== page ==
Deputy Government Commissioner Alida Francis (left) with members of Progressive Labour Party in the Island Council of St. Eustatius.
ST. EUSTATIUS--The Island Council of St. Eustatius voted during an extraordinary meeting held Wednesday, January 13, to replace Carnival Monday as a public holiday and put in its place July 1, Emancipation Day.
Slavery was abolished in the Dutch kingdom on July 1, 1863. The motion to declare July 1 an official holiday was originally adopted in the Island Council in a 4-1 vote on May 19, 2017, in which councilmembers Rechelline Leerdam, Reuben Merkman, Nicolaas “Koos” Sneek and Clyde van Putten voted in favour and Adelka Spanner voted against.
Over a number of years there were many attempts by organisations and persons such as Ellis Lopes, Miriam C. Schmidt and Christine Flanders-Roosberg, to have July 1 declared an official holiday in reflection and commemoration of the liberation of enslaved people.
Merkman said Wednesday that Emancipation Day is a day to remember any effort to procure economic, social and political rights or equality for a specific disenfranchised people.
The choice between adding a new holiday or replacing either Statia Day or Carnival Monday was discussed. Leerdam said that replacing a holiday would be more feasible, as businesses would be put in financial difficulties should another public holiday be added, because employers would have to pay their employees 200 per cent for working on that day. With many businesses on the island just staying above water, it was decided that the added financial burden of another public holiday was not in the businesses’ best interest.
It was decided to replace Carnival Monday with Emancipation Day as a public holiday, as not everyone on the island participates in Carnival, but Emancipation Day is a day to which everyone can relate, as Leerdam stated.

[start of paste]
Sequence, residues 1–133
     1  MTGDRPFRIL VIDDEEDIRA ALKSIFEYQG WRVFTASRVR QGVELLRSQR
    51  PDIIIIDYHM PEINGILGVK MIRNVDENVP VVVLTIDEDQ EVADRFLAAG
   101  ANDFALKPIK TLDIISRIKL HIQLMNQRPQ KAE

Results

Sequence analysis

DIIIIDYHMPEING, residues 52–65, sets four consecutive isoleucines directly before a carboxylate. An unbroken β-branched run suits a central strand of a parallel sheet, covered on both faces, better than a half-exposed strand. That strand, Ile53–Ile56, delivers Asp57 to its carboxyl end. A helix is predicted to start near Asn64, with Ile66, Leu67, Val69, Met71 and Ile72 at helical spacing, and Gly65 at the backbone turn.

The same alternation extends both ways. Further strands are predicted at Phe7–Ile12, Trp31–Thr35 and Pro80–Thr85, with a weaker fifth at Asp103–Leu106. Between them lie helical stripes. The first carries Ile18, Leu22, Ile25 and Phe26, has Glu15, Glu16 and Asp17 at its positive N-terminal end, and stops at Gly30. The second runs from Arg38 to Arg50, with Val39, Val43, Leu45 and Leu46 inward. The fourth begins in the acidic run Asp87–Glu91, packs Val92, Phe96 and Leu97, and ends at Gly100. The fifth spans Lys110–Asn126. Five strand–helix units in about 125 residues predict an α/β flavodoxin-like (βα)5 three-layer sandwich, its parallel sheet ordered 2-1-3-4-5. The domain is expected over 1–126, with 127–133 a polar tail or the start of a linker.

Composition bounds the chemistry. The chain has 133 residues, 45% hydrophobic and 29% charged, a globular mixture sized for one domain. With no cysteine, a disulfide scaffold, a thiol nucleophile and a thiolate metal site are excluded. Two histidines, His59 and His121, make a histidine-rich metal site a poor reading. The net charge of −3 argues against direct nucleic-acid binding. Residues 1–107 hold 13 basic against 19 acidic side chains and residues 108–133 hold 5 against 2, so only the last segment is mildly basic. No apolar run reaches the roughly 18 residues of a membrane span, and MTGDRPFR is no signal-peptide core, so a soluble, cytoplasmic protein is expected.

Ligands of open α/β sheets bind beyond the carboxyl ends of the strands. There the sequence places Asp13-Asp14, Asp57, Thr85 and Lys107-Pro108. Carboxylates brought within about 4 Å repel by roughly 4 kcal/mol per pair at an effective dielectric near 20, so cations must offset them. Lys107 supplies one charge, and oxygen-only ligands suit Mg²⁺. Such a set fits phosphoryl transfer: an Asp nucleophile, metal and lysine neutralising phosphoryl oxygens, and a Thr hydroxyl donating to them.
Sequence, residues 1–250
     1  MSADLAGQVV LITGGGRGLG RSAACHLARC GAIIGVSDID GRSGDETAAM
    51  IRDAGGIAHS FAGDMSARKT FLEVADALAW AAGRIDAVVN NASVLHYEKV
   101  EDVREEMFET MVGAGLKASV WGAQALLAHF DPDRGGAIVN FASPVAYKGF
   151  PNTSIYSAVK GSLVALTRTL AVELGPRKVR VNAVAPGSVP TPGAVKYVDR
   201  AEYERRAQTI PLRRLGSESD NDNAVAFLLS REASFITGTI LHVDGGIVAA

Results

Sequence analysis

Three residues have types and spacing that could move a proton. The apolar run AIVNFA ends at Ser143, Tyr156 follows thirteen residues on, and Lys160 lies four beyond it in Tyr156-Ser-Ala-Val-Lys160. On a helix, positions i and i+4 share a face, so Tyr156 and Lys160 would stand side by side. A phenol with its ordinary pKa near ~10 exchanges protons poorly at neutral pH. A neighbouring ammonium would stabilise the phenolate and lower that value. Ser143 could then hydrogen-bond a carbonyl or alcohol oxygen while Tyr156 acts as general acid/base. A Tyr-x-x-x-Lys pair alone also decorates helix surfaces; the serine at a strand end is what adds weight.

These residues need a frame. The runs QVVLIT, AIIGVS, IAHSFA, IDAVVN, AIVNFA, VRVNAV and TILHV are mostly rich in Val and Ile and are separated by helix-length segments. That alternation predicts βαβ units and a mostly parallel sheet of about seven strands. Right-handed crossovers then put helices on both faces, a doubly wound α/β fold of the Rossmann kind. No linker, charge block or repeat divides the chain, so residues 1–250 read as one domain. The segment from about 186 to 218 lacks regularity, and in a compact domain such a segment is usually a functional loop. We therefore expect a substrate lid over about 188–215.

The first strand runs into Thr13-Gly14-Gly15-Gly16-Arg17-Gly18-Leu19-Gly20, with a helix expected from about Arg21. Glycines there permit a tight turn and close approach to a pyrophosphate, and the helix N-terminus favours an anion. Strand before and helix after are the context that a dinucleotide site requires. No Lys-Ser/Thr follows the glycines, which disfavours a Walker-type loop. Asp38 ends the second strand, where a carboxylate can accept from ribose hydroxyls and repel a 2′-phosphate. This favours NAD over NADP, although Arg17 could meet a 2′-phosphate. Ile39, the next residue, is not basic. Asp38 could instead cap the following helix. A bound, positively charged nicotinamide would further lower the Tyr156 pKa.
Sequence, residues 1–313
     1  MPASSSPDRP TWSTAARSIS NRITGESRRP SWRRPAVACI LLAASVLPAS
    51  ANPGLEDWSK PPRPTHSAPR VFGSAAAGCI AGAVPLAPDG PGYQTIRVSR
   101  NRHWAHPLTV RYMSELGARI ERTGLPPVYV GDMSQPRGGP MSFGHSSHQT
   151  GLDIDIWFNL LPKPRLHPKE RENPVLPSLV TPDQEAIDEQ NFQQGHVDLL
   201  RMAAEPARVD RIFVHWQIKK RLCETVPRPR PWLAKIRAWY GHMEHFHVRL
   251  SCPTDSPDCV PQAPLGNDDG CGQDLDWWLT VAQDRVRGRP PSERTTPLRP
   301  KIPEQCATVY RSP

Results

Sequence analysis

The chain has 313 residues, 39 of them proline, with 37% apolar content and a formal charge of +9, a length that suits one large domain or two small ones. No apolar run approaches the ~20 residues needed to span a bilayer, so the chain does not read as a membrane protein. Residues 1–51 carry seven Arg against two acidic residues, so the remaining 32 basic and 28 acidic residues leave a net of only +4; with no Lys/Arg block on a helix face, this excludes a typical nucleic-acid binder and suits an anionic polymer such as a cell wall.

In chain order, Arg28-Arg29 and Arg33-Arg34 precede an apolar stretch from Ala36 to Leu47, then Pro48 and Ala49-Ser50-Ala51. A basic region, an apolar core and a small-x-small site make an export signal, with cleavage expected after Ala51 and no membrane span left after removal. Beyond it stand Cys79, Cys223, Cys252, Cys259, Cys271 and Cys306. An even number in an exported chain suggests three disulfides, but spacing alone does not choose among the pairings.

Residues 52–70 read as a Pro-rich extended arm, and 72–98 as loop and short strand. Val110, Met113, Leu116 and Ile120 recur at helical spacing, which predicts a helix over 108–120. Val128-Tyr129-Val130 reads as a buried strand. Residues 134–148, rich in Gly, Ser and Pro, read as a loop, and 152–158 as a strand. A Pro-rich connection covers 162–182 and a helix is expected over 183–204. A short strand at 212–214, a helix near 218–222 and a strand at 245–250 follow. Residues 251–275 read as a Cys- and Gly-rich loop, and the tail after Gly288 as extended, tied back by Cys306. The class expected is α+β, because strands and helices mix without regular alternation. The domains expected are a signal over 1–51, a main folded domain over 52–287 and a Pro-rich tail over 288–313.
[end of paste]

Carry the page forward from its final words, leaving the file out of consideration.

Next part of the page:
Francis said the public entity St. Eustatius had received a letter from Minister of Education, Culture and Science Ingrid van Engelshoven regarding fostering the dialogue about slavery. “While we will celebrate the day in a festive way as we have done in the past, dialogue and different discussions with our partners in the region, among ourselves and with the Dutch government are also necessary.”
Francis said that after the Island Council ratified the motion, the Executive Council had started the process to vest the motion in law in 2017. The law is the Labour Law BES Arbeidswet 2000.
Bonaire also traded its Carnival Monday in 2019 for the same reasons as Statia is doing now.
Because of due process and the required legal timeframe, it will not be possible to officially declare July 1, 2021, a public holiday, but working on advice from the Ministry of Social Affairs and Employment, the public entity will engage in consultations with stakeholders in the public and private sectors, labour unions and National Department Caribbean Netherlands RCN to reach an agreement so that July 1, 2021, can be celebrated.
Most likely, July 1, 2022, will be the first time that Emancipation Day will be an official public holiday in Statia. “It is my great pleasure to be part of advancing a cause that started a very long time ago,” Francis said.
Van Putten mentioned the persons who have worked “tirelessly” to make Emancipation Day a public holiday, many of whom have passed on. “I really hope that starting this July 1 it will be a national holiday. Not just a holiday where people can relax, but a day that fosters a dialogue where slavery is concerned, but also manifests and celebrates our cultural heritage.”
He said the island government led by Progressive Labour Party (PLP) had erected a monument and plaque in Wilhelmina Park, which he called the “Freedom Park.” The monument commemorates the 150th anniversary of the abolition of slavery.